Tuesday, May 9, 2017
JACKSON A new study from the Sentencing Project found that inmates serving life or virtual life (50-plus years) sentences in the United States are predominantly and disproportionately African Americans. Mississippi's prison system is no exception.
More than 72 percent of the 2,413 Mississippi inmates serving life sentences are African American, the study shows. Two-thirds of inmates in the custody of the Mississippi Department of Corrections who have been sentenced to life without parole, meaning they will die imprisoned, are African American.
The study looks at the three types of life sentences: life with the option of parole; life without parole; and "virtual life" where a person is sentenced to 50 or more years.
More than 19,000 people were in the Mississippi Department of Corrections' custody by the end of April, inmate counts from MDOC show. Attempts to reform the state's criminal-justice system by implementing only a handful of the Reentry Council's recommendations died when Gov. Phil Bryant vetoed House Bill 1033 despite broad bi-partisan support for the measure. Part of the legislation addressed parole eligibility for Mississippians sentenced under the state's "three strikes"-style law that prevents judges from giving anything but a life sentence.
Ashley Nellis, who worked on the Sentencing Project report, said in a press-conference call that a record high of people are serving life sentences in the U.S.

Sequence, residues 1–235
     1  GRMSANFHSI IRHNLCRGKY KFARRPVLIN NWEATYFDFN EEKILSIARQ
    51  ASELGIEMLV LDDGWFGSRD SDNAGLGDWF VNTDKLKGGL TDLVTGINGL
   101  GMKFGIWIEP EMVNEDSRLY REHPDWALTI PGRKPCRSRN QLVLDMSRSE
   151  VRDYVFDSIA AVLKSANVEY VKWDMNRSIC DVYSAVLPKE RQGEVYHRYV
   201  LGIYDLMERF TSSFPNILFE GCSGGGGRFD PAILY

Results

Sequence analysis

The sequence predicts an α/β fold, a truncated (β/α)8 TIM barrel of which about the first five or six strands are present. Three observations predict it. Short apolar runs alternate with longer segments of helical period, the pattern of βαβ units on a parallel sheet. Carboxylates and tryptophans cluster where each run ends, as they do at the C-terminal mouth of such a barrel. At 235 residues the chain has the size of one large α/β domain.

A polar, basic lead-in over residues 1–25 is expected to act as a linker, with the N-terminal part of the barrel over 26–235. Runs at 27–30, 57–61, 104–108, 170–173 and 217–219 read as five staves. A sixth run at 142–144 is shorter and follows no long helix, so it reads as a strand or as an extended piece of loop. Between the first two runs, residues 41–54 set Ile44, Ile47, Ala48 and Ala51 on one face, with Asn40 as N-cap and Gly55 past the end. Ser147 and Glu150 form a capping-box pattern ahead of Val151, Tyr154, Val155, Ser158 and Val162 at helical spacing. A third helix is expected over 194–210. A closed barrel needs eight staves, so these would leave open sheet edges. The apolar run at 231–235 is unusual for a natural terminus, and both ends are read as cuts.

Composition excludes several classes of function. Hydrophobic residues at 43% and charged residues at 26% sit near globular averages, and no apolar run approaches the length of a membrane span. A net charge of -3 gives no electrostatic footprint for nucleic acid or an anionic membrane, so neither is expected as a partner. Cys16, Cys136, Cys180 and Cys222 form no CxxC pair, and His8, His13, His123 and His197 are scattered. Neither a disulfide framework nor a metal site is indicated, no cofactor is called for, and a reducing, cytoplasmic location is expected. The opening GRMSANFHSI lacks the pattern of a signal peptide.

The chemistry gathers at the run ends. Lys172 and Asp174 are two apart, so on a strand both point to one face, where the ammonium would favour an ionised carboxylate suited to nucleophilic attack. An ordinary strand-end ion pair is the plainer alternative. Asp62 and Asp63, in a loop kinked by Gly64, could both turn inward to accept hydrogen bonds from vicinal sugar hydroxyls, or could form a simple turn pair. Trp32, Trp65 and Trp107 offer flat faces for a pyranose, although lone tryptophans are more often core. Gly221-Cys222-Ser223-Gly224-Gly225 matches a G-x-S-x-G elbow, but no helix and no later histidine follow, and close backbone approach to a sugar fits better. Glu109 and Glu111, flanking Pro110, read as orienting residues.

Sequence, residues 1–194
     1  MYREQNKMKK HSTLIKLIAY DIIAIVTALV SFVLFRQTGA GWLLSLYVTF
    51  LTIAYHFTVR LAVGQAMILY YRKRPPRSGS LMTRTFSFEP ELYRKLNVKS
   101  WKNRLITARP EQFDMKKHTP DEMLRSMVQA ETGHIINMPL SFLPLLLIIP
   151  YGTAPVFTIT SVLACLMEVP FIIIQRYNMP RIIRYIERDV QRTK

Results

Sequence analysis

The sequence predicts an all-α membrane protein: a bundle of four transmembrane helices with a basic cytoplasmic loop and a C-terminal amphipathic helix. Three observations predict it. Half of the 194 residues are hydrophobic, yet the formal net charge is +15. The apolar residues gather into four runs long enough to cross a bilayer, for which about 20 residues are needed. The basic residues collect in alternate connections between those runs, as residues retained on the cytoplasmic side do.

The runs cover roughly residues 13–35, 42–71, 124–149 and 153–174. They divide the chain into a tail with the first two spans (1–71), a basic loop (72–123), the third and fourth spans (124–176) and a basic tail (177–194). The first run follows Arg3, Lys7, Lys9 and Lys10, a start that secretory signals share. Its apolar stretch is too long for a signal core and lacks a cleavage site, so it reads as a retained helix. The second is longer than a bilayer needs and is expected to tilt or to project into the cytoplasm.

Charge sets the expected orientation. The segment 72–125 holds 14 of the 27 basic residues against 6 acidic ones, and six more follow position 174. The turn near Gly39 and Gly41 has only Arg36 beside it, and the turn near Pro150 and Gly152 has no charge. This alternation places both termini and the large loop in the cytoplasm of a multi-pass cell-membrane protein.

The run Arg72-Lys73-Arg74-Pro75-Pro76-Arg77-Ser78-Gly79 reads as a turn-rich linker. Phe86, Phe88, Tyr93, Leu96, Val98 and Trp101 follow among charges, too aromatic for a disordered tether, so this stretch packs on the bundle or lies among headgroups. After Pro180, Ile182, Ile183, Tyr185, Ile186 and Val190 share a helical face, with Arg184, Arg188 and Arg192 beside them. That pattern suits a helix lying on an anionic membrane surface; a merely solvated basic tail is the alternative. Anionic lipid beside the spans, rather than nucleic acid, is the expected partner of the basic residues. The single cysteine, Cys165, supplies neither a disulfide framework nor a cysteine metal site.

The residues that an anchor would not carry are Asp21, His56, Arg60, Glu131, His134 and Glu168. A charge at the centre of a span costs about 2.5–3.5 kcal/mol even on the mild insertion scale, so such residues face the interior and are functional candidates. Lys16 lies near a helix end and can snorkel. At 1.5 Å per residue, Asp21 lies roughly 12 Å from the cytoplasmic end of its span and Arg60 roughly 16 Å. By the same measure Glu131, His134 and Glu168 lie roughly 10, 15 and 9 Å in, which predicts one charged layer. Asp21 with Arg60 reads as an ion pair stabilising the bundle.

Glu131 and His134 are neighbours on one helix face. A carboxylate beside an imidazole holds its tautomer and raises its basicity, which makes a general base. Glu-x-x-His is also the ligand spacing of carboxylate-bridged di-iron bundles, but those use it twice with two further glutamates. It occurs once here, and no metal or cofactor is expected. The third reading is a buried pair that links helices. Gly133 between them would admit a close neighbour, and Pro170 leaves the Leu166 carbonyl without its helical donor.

"The heavy use of life sentences is not confined to a particular region of the country. ... More typically all three forms of life sentences are used in each state and the federal government," Nellis said on the call last week.
The study found that 38 percent of people serving life or virtual life sentences have been convicted of first-degree murder, and an additional 20.5 percent of second-degree, third-degree or another type of murder. About one-third of those serving life or virtual life sentences have been convicted of other violent crimes that include rape, sexual assault, robbery, aggravated assault, or kidnapping. In addition, one in 12, or 17,120 prisoners, who are serving life or virtual life were convicted of a non-violent crime.
Nellis said the Sentencing Project has concerns for those people in the "deep end" of the criminal-justice system, and she said long-term trends show that life without parole sentences are growing at a much faster rate than life with parole sentences. She also said a fair number of people are serving life sentences for non-homicide crimes.
"States are really looking for ways to curb the growth of mass incarceration, and we think that's great," Nellis said. "But we're concerned that they're too limited in their scope. And in order to truly challenge mass incarceration we're really going to need to dig deeper into the prison system and look at more people who might be qualified for release both at the back-end and look at the ways and the whys of why we're sending so many people to prison for decades-upon-decades."
Email state reporter Arielle Dreher at [email protected] and follow her on Twitter at @arielle_amara.